PARIS, March 9 (Reuters) – French senators early on Thursday voted in favour of raising the legal retirement age to 64 from 62, a first win for President Emmanuel Macron’s pension reform plans which have sparked protests and strikes across the country.
Two hundred and one members of the Senate, dominated by the conservative Les Republicains party, voted in favour of the reform’s flagship article 7 on the retirement age, while 115 voted against it.
The French upper house is expected to approve the remaining articles of the reform bill later this week. It will then be submitted to a mediation committee between lawmakers from the Senate and the National Assembly, the lower house of parliament, next week.
The latter had not been able to discuss the article 7 of the law during a 15-day long tense debate marred by insults and jeers.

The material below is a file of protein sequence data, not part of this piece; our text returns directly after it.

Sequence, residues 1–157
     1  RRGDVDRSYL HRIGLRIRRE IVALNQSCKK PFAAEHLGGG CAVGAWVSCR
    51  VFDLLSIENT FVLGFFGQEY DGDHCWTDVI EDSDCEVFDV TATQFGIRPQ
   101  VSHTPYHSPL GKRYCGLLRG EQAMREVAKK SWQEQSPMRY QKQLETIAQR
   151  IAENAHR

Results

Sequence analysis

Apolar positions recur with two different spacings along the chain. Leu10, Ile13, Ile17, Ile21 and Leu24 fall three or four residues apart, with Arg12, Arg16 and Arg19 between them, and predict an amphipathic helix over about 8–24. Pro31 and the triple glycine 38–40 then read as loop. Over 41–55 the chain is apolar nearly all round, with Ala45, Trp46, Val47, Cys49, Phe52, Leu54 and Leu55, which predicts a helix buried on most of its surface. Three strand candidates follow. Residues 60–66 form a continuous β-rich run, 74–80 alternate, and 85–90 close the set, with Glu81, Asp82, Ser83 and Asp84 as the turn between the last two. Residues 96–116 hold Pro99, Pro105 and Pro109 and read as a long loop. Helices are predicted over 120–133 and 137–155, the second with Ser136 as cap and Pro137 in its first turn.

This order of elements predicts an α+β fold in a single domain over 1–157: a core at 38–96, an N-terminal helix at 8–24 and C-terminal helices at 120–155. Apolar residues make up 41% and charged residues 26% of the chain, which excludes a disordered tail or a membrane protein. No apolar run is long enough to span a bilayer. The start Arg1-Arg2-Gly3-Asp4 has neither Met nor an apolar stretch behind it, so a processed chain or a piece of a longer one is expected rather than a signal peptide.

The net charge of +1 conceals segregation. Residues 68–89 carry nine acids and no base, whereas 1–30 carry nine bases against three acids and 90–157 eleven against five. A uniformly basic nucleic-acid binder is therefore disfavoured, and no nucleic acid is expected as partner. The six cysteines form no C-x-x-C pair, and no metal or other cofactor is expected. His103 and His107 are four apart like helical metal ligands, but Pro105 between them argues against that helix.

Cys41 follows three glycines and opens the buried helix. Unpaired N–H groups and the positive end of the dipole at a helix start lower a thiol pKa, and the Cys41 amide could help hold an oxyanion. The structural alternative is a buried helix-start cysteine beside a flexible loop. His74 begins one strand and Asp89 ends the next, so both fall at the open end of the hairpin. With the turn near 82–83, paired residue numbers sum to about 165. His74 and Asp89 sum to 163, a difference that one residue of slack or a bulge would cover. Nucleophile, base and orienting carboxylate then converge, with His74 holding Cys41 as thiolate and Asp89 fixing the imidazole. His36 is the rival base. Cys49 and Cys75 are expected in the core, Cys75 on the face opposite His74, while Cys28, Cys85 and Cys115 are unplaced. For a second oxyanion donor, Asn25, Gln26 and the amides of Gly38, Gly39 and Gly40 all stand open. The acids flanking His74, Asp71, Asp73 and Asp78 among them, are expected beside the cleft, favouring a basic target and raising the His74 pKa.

The government is hoping the pension changes will be adopted by parliament by the end of the month.
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But Macron lacks an outright majority in the National Assembly and will need to win over several dozen conservative lawmakers or use his constitutional powers to bypass parliament.
(This story has been refiled to remove redundant word from paragraph 1)
Reporting by Camille Raynaud, writing by Tassilo Hummel; Editing by Benoit Van Overstraeten
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